Children at this age are better able to understand cause and effect. They can help with tasks like measuring ingredients or stirring a pot of water on the stove. However, they might only be able to help with a few tasks, especially ones requiring more fine motor skills than they have yet to develop.
Here are some tasks for when your 4 or 5 year old is ready to start helping in the kitchen:
- Washing vegetables
- Stirring ingredients in a bowl to make cakes, pancakes, etc.
- Greasing pans for baking cakes and biscuits
- Mixing ingredients for cookies, candies, and other sweets
- Using kitchen tools such as spatulas
Cooking tasks for 6 to 7-year-olds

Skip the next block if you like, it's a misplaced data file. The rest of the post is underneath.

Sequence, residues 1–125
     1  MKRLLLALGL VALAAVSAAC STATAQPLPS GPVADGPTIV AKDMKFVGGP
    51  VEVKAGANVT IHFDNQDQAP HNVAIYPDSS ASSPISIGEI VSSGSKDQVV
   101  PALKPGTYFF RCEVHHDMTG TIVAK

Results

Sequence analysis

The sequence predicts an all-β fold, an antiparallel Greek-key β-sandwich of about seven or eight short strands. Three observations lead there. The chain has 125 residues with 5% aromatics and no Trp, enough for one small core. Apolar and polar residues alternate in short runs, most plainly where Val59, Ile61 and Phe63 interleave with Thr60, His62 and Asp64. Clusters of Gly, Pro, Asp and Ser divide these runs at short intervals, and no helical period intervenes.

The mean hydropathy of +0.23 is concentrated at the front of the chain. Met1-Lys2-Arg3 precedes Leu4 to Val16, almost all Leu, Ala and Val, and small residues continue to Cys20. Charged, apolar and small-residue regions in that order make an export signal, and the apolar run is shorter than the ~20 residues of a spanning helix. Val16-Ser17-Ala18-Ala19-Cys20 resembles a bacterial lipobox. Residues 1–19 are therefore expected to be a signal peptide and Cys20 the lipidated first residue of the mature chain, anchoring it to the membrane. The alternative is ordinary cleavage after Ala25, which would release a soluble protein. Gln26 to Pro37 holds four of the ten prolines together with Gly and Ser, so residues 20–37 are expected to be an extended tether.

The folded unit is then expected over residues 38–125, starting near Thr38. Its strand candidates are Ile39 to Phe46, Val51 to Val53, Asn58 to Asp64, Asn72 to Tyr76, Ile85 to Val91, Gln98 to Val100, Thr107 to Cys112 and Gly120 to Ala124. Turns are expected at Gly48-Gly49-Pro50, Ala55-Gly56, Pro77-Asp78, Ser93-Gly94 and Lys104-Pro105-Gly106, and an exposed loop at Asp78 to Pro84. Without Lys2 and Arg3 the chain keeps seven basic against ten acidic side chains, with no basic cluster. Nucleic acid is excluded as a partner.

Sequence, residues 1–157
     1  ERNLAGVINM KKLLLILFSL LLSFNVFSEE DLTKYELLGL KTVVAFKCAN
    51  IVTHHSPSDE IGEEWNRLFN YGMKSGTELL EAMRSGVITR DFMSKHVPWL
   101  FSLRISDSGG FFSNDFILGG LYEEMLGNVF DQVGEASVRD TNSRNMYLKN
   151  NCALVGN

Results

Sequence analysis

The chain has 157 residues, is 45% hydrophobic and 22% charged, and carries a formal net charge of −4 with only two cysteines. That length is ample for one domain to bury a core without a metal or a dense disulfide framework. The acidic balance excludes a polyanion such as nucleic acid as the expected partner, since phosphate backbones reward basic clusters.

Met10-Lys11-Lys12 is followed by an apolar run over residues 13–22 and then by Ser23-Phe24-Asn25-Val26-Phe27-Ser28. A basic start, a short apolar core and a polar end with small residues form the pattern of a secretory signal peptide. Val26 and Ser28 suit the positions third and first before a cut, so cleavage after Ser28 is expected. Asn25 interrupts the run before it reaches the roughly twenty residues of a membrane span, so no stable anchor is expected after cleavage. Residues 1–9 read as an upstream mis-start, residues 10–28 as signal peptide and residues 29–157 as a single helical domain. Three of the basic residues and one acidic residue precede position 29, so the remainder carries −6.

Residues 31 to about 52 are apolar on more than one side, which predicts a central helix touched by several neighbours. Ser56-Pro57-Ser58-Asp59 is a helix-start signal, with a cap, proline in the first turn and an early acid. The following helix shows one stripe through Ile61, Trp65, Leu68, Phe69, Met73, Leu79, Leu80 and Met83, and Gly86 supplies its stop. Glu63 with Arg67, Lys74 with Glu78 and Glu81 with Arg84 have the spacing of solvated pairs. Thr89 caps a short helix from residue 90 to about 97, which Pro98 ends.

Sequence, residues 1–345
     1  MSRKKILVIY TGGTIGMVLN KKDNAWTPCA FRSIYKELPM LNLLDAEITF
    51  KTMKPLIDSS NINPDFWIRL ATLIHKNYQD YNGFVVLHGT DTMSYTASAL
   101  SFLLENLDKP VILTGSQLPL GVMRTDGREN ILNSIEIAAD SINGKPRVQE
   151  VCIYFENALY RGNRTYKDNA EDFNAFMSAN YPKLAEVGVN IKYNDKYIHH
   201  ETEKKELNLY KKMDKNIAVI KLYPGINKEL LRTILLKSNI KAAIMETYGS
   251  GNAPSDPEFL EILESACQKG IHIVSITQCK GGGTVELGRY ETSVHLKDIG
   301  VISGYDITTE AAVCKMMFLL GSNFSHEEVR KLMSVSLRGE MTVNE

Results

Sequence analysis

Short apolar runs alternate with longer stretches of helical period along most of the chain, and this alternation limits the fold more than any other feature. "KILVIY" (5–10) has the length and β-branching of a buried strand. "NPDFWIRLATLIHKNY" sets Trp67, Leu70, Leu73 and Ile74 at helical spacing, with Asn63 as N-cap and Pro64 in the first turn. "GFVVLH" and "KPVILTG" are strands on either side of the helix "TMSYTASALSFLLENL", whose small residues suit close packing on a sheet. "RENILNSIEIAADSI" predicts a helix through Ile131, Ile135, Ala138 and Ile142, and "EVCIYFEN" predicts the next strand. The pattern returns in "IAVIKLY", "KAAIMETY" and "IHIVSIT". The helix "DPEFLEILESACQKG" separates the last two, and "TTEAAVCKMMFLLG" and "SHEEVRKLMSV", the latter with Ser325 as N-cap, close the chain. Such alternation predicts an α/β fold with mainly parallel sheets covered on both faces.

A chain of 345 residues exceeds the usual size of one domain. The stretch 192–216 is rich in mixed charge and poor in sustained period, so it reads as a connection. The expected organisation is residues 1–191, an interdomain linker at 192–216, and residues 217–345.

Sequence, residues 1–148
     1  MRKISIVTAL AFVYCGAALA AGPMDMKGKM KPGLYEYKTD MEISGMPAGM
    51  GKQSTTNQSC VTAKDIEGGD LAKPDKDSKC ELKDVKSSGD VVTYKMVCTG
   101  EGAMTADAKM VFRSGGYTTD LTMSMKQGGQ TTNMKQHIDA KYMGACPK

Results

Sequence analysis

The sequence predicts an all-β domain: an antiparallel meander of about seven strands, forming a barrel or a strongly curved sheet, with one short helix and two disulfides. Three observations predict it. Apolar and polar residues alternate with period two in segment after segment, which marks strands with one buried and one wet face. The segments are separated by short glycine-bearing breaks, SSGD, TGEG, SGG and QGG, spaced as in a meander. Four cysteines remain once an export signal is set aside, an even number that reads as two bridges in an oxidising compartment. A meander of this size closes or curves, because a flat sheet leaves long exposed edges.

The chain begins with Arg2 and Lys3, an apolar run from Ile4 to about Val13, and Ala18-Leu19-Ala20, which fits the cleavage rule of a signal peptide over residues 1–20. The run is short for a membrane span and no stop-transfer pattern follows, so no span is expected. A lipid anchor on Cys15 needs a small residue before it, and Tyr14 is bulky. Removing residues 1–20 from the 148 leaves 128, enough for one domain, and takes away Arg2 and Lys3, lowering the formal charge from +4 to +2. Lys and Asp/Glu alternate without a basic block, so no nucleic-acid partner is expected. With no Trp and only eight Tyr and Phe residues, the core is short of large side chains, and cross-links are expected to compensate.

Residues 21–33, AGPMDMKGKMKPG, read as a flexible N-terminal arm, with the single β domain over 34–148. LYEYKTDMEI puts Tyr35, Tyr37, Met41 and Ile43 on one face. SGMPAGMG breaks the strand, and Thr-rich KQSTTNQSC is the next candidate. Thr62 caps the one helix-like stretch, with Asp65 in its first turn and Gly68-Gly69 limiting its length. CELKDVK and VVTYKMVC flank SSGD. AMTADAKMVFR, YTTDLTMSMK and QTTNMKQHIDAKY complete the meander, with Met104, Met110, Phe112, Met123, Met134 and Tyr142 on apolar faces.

After your child turns 6 or 7, they’re probably ready to start helping more in the kitchen. Your child will still need your supervision and instruction at first, but with time and practice, they should be able to do more tasks independently.
Here are some tasks for when your child is ready to help with cooking:
- Choosing the right pan or utensil for the job
- Reading recipes and following instructions correctly
- Mixing ingredients properly
- Washing dishes
- Putting together a salad
Cooking tasks for 8 to 9-year-olds
By the time your child is 8 or 9, they should be able to do most of the cooking tasks listed above. They may still need your supervision and instruction for some tasks, but you can start letting them work independently if you want as long as they follow your instructions carefully.
Here are some cooking tasks for 8 to 9-year-olds that they can do on their own:
- Peeling fruit and vegetables with a potato peeler or paring knife
- Slicing up fruit and vegetables with a paring knife or vegetable peeler